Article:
"Optimizing recovery from exercise is considered the holy grail of exercise science. Anyone who works out regularly knows about sore muscles. There's the burning sensation during strenuous exercise, which may be related to the buildup of lactic acid in your muscles, and then there's delayed-onset muscle soreness, the kind you get in the days following extreme physical activity. Delayed soreness is likely the result of inflammation caused by microtears in your muscles and can adversely affect athletic performance in the days following a heavy workout. If you're suffering from an inflammatory reaction, might anti-inflammatory phytonutrients help? The bioflavonoids in citrus can help with the lactic acid buildup, but you may need to ramp up to the anthocyanin flavonoids in berries to deal with the inflammation.
Muscle biopsies of athletes have confirmed that eating blueberries, for example, can significantly reduce exercise-induced inflammation. Studies using cherries show that this anti-inflammatory effect can translate into faster recovery time, reducing the strength loss from excessive bicep curling from 22 percent down to only 4 percent in male college students over the subsequent four days. The muscle-soothing effects of berries don't only work for weight lifters; follow-up studies have shown that cherries can also help reduce muscle pain in long-distance runners and aid in recovery from marathons.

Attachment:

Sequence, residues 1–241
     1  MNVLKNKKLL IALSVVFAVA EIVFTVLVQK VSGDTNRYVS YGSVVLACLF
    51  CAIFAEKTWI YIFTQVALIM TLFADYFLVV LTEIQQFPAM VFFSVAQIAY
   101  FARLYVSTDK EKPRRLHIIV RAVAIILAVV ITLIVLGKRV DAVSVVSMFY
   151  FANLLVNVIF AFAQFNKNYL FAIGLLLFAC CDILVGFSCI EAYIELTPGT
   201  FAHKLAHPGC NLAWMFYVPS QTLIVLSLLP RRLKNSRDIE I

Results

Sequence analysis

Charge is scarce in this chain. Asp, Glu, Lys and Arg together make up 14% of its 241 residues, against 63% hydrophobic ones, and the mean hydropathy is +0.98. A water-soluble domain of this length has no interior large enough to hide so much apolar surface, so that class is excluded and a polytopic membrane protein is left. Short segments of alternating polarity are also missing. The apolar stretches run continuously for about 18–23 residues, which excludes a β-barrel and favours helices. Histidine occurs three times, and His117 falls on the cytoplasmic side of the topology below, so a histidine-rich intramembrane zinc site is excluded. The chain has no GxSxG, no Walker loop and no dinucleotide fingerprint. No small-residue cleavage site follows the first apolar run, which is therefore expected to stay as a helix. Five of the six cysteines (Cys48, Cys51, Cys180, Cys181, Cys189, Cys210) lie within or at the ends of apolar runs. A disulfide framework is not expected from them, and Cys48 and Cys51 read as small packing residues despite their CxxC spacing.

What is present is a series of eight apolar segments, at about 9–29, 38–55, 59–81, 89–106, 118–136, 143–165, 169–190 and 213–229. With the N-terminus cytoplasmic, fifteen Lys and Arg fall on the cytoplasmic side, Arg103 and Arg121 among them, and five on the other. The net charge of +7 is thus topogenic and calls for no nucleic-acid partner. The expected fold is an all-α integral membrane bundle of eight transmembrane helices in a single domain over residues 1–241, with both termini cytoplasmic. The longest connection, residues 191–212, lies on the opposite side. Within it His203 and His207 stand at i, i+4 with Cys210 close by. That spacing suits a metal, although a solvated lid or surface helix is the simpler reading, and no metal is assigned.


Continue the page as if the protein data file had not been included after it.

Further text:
Eating two cups of watermelon prior to intense physical activity was also found to significantly reduce muscle soreness. The researchers concluded that functional compounds in fruits and vegetables can "play a key role in the design of new natural and functional products" like beverages, juices, and energy bars. But why design new products when nature has already designed everything you need?"
Source: "How Not To Die" by Michael Greger, M.D.